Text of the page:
It has been 20 years since J.K. Rowling’s “Harry Potter And The Sorcerer’s Stone/Philosopher’s Stone” was published and enchanted reading audiences of old ages. Now, the success she found with the franchise may have helped propel the famous author to not only extreme wealth, but the kind that potentially puts her ahead of some other famous people to hail from England when it comes to her overall net worth.

Based on a series of estimates, Rowling may be wealthier than Queen Elizabeth, who holds the honor of serving as the United Kingdom’s longest-ruling monarch.

Read: 5 Facts About Queen Elizabeth II And Prince Philip’s Marriage

According to Bloomberg (via Forbes), when the Queen turned 90 in 2016, she had a personal net worth of around $425 million. The estimate included the value of her properties, including the Sandringham House (worth $65 million) and Balmoral Castle (worth $140 million). However, her value in terms of her income was starkly different, as it was noted that she also inherited those two properties, with her real income from the properties she and the rest of her family have in a trust only valued at only $54.5 million.

Queen Elizabeth II Queen Elizabeth II, pictured attending day 5 of Royal Ascot in Ascot, England on June 24, 2017, may not have as high of a net worth as “Harry Potter” author J.K. Rowling. Photo: Getty Images

Reuters reports that the trust, known as the Crown Estate, has a total value of $16.5 billion, and the Queen and the rest of the royal family receive 15 percent of the money (an estimated $363 million) from it each year. Among the properties in the trust are the Crown Jewels, Buckingham Palace, nearly all of Regent Street in London, and half the buildings in St. James.

Rowling, however, has amassed her wealth almost entirely through the success of the “Harry Potter” franchise. Though she has never spoken about just how much money she has and keeps that information private, the success from the initial seven books in the series, the eight movies that were made based off of the books, a similar adaptation of her book “Fantastic Beasts and Where to Find Them,” and several other deals regarding the franchise have likely propelled her to immense wealth—including rumors that she is personally worth over $1 billion.

After the success “Beasts” found at the box office after its Fall 2016 release in theaters, The New York Times did research into Rowling’s wealth, looking into every potential item she may have garnered an income from when it comes to the franchise.

Read: Five “Harry Potter” Plotlines J.K. Rowling Considered Changing

In their report, the publication estimated that Rowling would have earned $1.15 billion off of the seven “Harry Potter’ books alone, assuming she had a standard 15 percent author’s royalty on the estimated $7.7 billion revenue they earned. Every other figure used to determine her net worth is pure speculation, as she has kept all of the information closely guarded. Among the figures calculated by The Times were:

  • From other books, including the “Harry Potter” spin-off novels and adult mystery books she writes under the pseudonym of Robert Galbraith: $50 million.
  • From selling the film rights of the first four “Harry Potter” movies, and an estimated 10 percent net of the profits from all eight films combined: $652 million. That number only grows if a similar deal was struck for “Fantastic Beasts and Where to Find Them.”
  • Receiving a portion of the income after selling the exclusive TV rights to her movies to NBC Universal  for an estimated $250 million: $125 million if she received 50 percent of that profit.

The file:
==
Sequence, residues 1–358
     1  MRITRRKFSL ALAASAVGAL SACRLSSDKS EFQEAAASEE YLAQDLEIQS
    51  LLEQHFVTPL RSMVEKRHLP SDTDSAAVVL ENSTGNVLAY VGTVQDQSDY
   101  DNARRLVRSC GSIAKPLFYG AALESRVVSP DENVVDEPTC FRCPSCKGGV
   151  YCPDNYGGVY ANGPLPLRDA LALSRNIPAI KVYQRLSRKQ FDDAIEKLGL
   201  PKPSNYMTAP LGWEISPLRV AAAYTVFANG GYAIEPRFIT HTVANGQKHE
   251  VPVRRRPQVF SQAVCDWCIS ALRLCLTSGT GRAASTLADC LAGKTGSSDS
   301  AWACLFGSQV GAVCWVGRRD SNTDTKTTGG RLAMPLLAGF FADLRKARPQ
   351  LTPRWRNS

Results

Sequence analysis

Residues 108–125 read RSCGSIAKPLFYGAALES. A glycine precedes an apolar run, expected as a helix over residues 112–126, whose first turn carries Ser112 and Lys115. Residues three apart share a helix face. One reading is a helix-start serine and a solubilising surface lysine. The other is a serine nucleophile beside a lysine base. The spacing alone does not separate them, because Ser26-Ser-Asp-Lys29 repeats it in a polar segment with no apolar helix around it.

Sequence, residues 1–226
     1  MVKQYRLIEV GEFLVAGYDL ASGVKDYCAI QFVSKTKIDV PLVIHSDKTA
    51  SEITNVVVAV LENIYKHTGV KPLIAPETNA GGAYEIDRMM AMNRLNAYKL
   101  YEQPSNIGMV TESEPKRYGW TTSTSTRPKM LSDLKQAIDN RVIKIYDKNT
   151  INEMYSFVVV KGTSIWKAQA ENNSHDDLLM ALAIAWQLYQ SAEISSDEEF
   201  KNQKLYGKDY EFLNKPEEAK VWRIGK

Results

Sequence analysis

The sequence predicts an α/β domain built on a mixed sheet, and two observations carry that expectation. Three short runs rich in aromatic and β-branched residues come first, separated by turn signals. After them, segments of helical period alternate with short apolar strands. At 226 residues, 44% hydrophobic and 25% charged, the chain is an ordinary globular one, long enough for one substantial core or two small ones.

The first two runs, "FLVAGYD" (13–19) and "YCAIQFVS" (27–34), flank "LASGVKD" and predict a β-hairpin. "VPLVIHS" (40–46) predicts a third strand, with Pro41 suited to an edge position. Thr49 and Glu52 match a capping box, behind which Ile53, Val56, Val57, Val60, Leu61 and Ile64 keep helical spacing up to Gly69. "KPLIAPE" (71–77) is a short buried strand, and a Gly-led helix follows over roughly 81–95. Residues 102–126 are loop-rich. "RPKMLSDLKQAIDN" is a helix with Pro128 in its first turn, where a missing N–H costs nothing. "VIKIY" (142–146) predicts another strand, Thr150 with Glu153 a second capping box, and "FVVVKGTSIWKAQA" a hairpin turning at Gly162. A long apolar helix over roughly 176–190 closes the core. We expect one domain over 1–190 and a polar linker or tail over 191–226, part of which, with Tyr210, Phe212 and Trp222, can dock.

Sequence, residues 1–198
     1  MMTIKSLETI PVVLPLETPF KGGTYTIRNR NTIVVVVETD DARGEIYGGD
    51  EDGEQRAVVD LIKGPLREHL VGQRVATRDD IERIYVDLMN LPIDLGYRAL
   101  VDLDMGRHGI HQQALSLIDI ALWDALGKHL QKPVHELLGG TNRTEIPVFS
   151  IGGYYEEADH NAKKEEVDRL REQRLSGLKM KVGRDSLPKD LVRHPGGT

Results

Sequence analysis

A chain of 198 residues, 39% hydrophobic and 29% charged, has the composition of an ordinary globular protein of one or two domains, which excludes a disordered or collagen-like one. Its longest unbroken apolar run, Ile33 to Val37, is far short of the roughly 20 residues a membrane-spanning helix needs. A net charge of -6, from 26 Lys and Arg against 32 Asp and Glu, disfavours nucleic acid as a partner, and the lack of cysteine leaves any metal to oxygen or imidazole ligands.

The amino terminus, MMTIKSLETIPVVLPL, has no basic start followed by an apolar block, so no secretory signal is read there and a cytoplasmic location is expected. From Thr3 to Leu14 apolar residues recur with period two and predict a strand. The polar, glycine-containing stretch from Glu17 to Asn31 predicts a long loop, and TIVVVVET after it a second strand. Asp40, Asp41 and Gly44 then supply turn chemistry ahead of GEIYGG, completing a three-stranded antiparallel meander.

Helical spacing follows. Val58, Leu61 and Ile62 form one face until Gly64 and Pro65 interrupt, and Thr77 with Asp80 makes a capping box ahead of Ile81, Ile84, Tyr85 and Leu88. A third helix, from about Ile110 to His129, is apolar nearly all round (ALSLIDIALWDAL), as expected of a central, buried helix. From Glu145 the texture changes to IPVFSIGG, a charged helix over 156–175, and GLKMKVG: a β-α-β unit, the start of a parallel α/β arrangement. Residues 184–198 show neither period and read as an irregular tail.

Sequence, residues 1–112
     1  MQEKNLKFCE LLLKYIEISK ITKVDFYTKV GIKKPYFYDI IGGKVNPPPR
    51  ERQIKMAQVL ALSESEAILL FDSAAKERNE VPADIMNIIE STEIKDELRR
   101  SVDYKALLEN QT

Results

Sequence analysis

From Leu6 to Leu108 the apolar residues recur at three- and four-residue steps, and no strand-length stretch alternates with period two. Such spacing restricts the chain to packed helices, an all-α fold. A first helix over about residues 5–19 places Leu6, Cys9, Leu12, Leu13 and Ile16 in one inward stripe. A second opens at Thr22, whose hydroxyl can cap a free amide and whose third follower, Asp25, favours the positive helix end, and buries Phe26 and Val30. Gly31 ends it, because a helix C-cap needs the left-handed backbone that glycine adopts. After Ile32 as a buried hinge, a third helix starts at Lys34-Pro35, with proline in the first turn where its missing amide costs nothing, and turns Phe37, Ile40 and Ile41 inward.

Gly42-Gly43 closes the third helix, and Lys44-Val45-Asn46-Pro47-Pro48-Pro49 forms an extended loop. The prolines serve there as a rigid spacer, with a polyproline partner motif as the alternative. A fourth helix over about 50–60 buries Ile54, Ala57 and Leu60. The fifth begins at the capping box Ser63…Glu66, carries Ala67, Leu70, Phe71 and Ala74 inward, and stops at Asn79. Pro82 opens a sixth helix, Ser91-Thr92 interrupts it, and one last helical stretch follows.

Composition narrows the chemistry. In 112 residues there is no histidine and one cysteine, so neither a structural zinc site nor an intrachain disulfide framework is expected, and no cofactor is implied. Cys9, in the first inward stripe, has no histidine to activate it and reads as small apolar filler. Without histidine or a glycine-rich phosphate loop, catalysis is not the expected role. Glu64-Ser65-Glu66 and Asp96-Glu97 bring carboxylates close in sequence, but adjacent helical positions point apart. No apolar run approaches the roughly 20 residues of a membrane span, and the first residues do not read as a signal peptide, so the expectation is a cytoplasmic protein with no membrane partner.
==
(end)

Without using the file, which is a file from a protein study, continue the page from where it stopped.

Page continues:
• “The Wizarding World Of Harry Potter,” which includes attractions at Universal Studios theme parks in Orlando, Florida,  Hollywood, California and Osaka, Japan, as well as an attraction at the Warner Bros’ Studios tour in London: $100 million total since the first attraction opened in 2010. Rowling served as a “Consultant” for the Universal attractions. Steven Spielberg, who also has that title for attractions related to his movies (like “Jurassic Park” and “ET”), earns 2 percent of ticket sales to the parks, as well as a percentage of gross sales of merchandise, food and beverages. The amount she has earned is based off the assumption she has a similar deal. 
  • Additional income from the licensing fees that came from both the play and published book version of the script for “Harry Potter and the Cursed Child,” undisclosed licensing fees for all Harry Potter related merchandise, and the e-books rights to her novels, which are sold on her Pottermore website (which is expected to turn a profit for the first time in 2017): not factored in.

The total valuation came to a whopping $2.2 billion, but the number was adjusted down to $1.2 billion after assuming that Rowling paid Britain’s top individual tax rate of 45 percent.

It has previously been noted that Rowling, who has denied being a billionaire in the past, may not actually be one anymore due to her charitable contributions. In 2012, Forbes put her on their “Billionaire Dropoffs” list after funneling money into her own charity, Lumos, which helps institutionalized and disadvantaged children in Eastern Europe, and donating to One Parent Families, which empowers single-parent households. Between those, she was estimated to have given $160 million.

It is unclear if she has since regained her status as a billionaire despite those charitable contributions and the high tax rates on her income. Though if the New York Times valuation is correct, she seems to have climbed the charts of wealth again since then.

Regardless of Rowling’s status as either a millionaire or billionaire, she would seem to safely outpace the Queen when it comes to personal wealth either way. Since she won’t reveal those numbers on her own however, there is no way to determine if it’s really true.